Research
 Open access
 Published:
Comparison of the different methods of width estimation in unerupted canine and premolars
BMC Oral Health volume 24, Article number: 475 (2024)
Abstract
Background
There are different methods for determining the required space for unerupted teeth. However, the accuracy of these techniques varies depending on ethnic differences. Therefore, the current study was performed to compare the accuracy of four methods for estimating the mesiodistal width of unerupted canines and premolars in a population of northern Iran.
Methods
The present crosssectional study was conducted on 50 pairs of dental casts of patients aged 12–24 years old. The mesiodistal width of the teeth was measured with a digital caliper by two observers (ICC < 0.9), and the mean value was recorded. The space required for eruption of canines and premolars was obtained by the TanakaJohnson formula and the Moyers tables and compared with the actual value by paired t test.
Results
The TanakaJohnson formula had overestimation in the maxilla and mandible, which was statistically significant (p < 0.001). The values obtained from the Moyers tables in different confidence levels were not accurate. However, the 65% level for the mandible had almost no difference from the actual value (P = 0.996 and r^{2} = 0.503). Furthermore, linear regression was obtained based on the total mesiodistal width of the maxillary first molar and mandibular central incisor (maxilla: Y_{x}= 0.613X + 2.23 and mandible: Y_{m}= 0.618X + 1.6) and the total mesiodistal width of the mandibular first molar and maxillary central incisor in each jaw (maxilla: Y_{x} = 0.424X + 5.021 and mandible: Y_{m} = 0.447X + 3.631).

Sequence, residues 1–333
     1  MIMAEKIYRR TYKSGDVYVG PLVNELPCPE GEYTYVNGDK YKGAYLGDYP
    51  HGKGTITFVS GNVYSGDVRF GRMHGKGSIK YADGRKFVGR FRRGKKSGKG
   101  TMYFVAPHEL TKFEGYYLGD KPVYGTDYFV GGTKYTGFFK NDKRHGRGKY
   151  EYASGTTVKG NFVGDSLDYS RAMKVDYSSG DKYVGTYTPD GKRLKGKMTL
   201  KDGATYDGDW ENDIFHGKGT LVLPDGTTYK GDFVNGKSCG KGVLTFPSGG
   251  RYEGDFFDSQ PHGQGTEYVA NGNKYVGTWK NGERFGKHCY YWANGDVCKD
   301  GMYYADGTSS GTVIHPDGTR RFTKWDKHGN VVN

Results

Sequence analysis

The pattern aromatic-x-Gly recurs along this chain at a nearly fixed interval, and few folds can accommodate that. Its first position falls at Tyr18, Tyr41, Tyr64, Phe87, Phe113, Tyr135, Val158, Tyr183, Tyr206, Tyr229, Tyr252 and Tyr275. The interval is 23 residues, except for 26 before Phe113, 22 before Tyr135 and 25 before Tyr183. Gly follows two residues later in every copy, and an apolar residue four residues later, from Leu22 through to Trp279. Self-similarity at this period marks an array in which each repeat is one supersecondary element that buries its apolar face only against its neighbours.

Conclusion
The TanakaJohnson method was overestimated in the population of northern Iran. The 85% and 75% confidence levels of the Moyers table have the best clinical results for the maxilla and mandible, respectively. Regression based on maxillary first molars and mandibular central incisors has better results.
Introduction
Impacted maxillary canines are those that are encased in the alveolus and cannot erupt at the proper time in the dental arch. Maxillary canine impaction is reported to have a frequency of 2% which varies by ethnicity [1]. Caucasian populations are likely to develop palatal impaction, whereas buccal impactions are more frequent in Asians. Studies on orthodontic patients show that this condition is more prevalent in women [2].
Early diagnosis improves the prognosis of these canines allowing them to reach their proper position. Delayed treatments might result in root resorption of adjacent incisors in 48% of patients, necessitating future treatments such as orthodontic alignment, surgical treatments, or extractions [3]. Currently, multiple methods have been suggested to predict unerupted canines and premolars’ mesiodistal width including radiographic modalities, nonradiographic modalities, and the combination of both of them. Predicting tables and regressions are some of the nonradiographic methods used in estimating the width of unerupted teeth [4]; however, it is clear that none of these methods can be accurate. Furthermore, tooth size varies continuously among people and factors such as ethnicity and sex influence its variability. Therefore, the current techniques cannot be used for every population [5, 6].